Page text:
Trying to summarise briefly the challenges for higher education in Laos and Cambodia presents its own challenges — one being the risk of superficiality, and the other being the risk of not acknowledging sufficiently the distinctiveness of each country’s culture, history and political circumstances.
That said, this short article focuses on three broad challenges shared by the two countries in providing higher education services. It is relevant by way of background to point out that both countries are now experiencing rapid and sustained economic growth, which is having many beneficial outcomes. However, each country remains quite poor by international standards, each has high levels of income inequality, and there is widespread poverty amongst rural communities. Corruption is also prevalent in both countries, including in the higher education sector.
In both countries, significant improvements in school retention rates have resulted in bottlenecks in the access to public higher education. The response in both countries has been to allow private higher education to absorb the excess demand. In Cambodia, this response has resulted in the private higher education sector becoming larger than the public higher education sector.
In 2015, the most recent year for which reliable data are available, Laos, with a population of over six million, had five public universities, eight public colleges and 43 private degree-granting colleges. It also had more than 90,000 higher education students, about one-third of whom attended private higher education institutions, though often on a part-time basis. Cambodia, with a population of over 15 million, had 109 universities and institutes, including 66 that were private providers. It had over 260,000 higher education students, a little over one-half of whom attended private universities and institutes.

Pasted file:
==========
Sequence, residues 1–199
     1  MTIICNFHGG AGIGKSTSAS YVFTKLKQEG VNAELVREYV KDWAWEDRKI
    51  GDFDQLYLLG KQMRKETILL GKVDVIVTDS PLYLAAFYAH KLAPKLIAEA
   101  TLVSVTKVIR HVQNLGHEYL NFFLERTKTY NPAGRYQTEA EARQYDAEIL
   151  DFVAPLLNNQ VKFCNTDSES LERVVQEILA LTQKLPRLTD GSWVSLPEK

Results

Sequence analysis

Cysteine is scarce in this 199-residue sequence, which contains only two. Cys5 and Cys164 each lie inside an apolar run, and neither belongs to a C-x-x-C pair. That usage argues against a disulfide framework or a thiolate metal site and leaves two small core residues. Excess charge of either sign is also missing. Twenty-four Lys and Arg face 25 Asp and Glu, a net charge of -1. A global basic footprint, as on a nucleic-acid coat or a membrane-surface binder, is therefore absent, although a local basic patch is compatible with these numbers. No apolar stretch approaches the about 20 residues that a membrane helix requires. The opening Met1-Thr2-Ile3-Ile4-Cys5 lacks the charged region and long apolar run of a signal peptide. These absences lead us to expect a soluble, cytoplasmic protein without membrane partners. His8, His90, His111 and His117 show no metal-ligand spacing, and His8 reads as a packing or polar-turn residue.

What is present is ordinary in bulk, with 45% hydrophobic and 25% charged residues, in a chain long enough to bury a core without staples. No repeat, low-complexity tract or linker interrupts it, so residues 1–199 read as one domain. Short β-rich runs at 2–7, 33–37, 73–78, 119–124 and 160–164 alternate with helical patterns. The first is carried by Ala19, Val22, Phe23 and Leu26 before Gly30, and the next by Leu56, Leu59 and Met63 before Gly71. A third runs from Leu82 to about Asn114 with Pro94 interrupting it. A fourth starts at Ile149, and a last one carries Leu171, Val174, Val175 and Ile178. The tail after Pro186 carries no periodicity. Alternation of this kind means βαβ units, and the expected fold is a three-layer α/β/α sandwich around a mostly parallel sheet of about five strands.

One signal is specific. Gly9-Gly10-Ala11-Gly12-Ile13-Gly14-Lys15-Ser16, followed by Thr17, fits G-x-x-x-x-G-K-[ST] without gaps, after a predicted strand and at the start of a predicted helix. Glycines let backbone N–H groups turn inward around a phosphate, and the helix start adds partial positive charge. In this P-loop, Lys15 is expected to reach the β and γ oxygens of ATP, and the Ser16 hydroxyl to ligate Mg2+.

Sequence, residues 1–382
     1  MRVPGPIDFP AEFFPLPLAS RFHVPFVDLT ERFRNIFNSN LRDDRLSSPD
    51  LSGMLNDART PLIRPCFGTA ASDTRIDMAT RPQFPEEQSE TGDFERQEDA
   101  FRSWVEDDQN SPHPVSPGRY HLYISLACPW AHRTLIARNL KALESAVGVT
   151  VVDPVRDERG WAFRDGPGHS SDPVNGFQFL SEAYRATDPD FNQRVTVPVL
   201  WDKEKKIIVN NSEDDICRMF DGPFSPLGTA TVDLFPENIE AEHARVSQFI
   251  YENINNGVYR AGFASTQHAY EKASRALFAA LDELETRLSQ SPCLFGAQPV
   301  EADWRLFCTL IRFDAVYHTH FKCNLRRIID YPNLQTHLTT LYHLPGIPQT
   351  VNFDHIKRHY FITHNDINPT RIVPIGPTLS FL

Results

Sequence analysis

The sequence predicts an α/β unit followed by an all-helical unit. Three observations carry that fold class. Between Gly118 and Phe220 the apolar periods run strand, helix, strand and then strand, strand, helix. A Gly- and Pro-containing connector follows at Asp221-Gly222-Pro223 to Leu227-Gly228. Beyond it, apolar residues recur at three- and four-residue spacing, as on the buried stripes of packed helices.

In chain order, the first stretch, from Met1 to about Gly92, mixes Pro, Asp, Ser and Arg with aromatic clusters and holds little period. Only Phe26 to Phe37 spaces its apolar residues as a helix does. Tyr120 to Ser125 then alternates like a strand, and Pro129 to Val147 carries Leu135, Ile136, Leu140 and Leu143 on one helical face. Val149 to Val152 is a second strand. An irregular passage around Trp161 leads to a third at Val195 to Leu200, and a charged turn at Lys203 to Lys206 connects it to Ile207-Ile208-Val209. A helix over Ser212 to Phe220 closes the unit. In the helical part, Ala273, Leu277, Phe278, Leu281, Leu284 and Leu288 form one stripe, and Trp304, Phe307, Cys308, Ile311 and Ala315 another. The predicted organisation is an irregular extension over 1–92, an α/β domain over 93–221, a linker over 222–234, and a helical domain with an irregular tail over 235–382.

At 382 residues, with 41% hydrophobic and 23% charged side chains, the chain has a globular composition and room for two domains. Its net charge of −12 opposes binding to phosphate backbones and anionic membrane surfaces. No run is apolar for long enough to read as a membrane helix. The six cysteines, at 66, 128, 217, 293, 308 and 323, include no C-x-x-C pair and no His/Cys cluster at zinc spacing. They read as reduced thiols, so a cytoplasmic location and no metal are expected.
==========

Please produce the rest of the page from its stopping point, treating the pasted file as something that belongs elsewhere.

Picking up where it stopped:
The first challenge for higher education in both countries concerns the need to provide public-sector higher education institutions with more institutional autonomy. In both countries, public universities have the committee structures required to exercise institutional autonomy, but their governing boards and academic committees do not have the authority to decide anything of significance because all matters of any significance must be decided by a government ministry or another. In Laos, for example, there is effectively a “command and control” model in place whereby even modest changes to training programmes must ultimately be approved by the Ministry of Education and Sports. In Cambodia, where there are 15 different government instrumentalities each managing their own public universities and institutes, the situation is effectively the same. In Cambodia, though, nine public universities and institutes have been declared to be “public administration institutions”, which enables them to have marginally greater financial autonomy.